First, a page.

equations with the rec modifier, so that they can depend on each other. I will
ignore any problems that circularity might raise. But consider the innocuouslooking equation of Figure 10.32.
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324
Figure 10.32
CHAPTER 10 FORMAL SYNTAX AND SEMANTICS
D = N ⊕ (N ⊗ D)
Interpreting this equation as if it were a production, you might conclude that
the domain D consists of (or is isomorphic to) the set of all nonempty finite sequences of elements of N. However, the set D′ of all sequences (finite or infinite) over N is also a solution to Figure 10.32, since every (finite or infinite)
sequence over N is either a singleton or an element of N followed by a (finite or
infinite) sequence.
Where there are two solutions, it makes sense to look for a third. Consider the set of all (finite or infinite) sequences over N in which 17 does not occur infinitely often. This too is a solution. This observation opens the
floodgates. Rather than 17, I can exclude the infinite repetition of any finite
or infinite subset of N to get yet another solution to Figure 10.32—for example, the set of all sequences over N in which no prime occurs infinitely often.
By this simple argument, the number of distinct solutions to Figure 10.32
is at least as big as 2N —the power set, or set of all subsets, of N. Which solution to Figure 10.32 is the right one? The one I want is the one that corresponds to a BNFgrammar interpretation—the set of finite sequences.
Any solution to Figure 10.32 need only satisfy the equation up to isomorphism; but I will find an exact solution. From Figure 10.32 I can determine
the (infinite) set of all closed expressions denoting elements of D. A few of
these are shown in Figure 10.33.
Figure 10.33
<1,0>
<1,1>
<1,2>
<1,3>
...
<2,(0
<2,(1
<2,(2
<2,(3
...
<2,(0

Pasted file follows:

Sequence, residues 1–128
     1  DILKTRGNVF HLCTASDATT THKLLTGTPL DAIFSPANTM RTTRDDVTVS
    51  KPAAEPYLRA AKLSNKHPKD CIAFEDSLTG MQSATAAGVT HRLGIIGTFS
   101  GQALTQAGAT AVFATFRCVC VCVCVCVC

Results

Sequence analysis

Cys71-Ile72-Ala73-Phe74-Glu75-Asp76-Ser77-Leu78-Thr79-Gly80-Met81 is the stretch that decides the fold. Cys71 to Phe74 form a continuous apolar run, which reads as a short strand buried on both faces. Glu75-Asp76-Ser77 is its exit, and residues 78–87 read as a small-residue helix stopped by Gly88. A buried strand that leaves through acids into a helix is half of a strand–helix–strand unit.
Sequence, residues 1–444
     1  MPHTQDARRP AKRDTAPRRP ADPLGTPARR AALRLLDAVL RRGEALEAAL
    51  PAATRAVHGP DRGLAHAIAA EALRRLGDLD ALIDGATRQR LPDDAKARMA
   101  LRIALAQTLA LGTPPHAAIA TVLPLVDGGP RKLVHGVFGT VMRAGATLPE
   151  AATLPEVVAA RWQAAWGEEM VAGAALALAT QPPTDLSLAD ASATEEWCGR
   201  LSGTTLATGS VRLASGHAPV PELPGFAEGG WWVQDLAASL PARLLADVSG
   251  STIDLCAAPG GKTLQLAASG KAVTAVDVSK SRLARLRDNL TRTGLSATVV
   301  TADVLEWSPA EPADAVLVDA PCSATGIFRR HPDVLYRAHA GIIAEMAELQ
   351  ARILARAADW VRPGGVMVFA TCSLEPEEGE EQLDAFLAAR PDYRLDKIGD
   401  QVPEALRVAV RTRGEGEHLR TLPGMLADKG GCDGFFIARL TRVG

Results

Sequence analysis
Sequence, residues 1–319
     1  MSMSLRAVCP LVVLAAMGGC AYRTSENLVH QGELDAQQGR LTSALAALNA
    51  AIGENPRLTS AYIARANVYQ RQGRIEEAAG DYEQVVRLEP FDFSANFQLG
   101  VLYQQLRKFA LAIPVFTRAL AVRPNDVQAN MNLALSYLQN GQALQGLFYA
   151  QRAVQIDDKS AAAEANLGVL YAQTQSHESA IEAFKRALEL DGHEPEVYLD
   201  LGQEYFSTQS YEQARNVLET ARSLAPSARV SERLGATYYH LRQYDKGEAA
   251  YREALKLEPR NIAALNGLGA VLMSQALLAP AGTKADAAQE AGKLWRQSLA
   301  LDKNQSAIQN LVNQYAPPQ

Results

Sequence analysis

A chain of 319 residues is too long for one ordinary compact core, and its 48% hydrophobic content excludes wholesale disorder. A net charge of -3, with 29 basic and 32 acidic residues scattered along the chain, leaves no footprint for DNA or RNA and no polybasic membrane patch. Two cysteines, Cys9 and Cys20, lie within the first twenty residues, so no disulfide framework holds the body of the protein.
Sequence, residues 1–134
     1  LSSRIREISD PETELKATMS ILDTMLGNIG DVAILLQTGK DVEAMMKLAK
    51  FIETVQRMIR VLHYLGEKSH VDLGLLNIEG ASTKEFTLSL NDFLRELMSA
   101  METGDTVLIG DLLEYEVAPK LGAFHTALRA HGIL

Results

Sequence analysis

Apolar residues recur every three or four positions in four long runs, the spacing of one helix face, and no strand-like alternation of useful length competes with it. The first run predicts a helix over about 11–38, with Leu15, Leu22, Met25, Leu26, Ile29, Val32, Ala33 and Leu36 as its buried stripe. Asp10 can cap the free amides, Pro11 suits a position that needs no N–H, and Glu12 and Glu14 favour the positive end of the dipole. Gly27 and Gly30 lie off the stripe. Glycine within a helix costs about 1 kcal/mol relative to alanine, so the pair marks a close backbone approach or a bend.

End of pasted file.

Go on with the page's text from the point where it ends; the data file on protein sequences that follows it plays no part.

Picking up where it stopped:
<2,(0
<2,(0
...
⊗
⊗
⊗
⊗
<1,0>>
<1,0>>
<1,0>>
<1,0>>
⊗ <1,1>>
⊗ <1,2>>
⊗ <1,3>>
1
2
3
4
5
6
7
8
9
10
11
12
13
14
The (infinite) set of the values of these expressions yields an exact solution
to Figure 10.32. It can also be shown that this is the smallest solution, in that
it is isomorphic to a subset of any other solution. In general, the solution to
prefer when there are many possible solutions to a recursive system of domain equations is the smallest one.
Equations of the form of Figure 10.32 arise so frequently that their solutions have a notation: If D is already defined, then the solution to
D′ = D ⊕ (D ⊗ D′)
is called D* .
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3 DENOTATIONAL SEMANTICS
325
Function domains cause problems in recursive systems of domain equations. Even a simple recursive equation like
D = . . . ⊕ (D → D) ⊕ . . .
is suspect. Any solution to this equation would have the property that some
subset of itself was isomorphic to its own function space. Unfortunately, if a
set has more than one element, then the cardinality of its function space is
strictly greater than the cardinality of the set itself, so no such isomorphism
is possible!
Am I stuck? Not really. As mentioned above, I interpret D → D to mean
not all functions from D to D, but just a distinguished set of functions called
the continuous ones. There are sufficiently few continuous functions that the
above cardinality argument does not apply, but sufficiently many of them that
all functions computable by programming languages are continuous.
3.8 Expressions
Now that I have discussed domains, I can begin to create richer and more realistic semantic functions. I first extend my definition of binary literals to include infix operators; see Figure 10.34.
Figure 10.34
1
Abstract syntax
T ∈ Exp
T → T +
T → T T → T *
T → Seq
Seq → 0
2
T
T
T
 1  Seq 0  Seq 1
Semantic domain
N = {0,1,2, ..., 1, 2, ...}
3
4
5
6
7
8
9
Semantic function
10
E: Exp → N
11
E[0] = 0
E[1] = 1
E[Seq 0] = 2 × E[Seq]
E[Seq 1] = 2 × E[Seq] + 1
12
13
14
15
E[T1 + T2 ] = E[T1 ] + E[T2 ]
E[T1 − T2 ] = E[T1 ] − E[T2 ]
E[T1 * T2 ] = E[T1 ] × E[T2 ]
16
17
18
This example can be specified in ML as shown in Figure 10.35.
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Figure 10.35
CHAPTER 10 FORMAL SYNTAX AND SEMANTICS
 abstract syntax
datatype Operator = plus  minus  times;
datatype Exp
= BinLit of int list  [0,1] means 10 = 2
 Term of Exp*Operator*Exp;
 semantic functions
val rec
fn






E =
BinLit([0]) => 0
BinLit([1]) => 1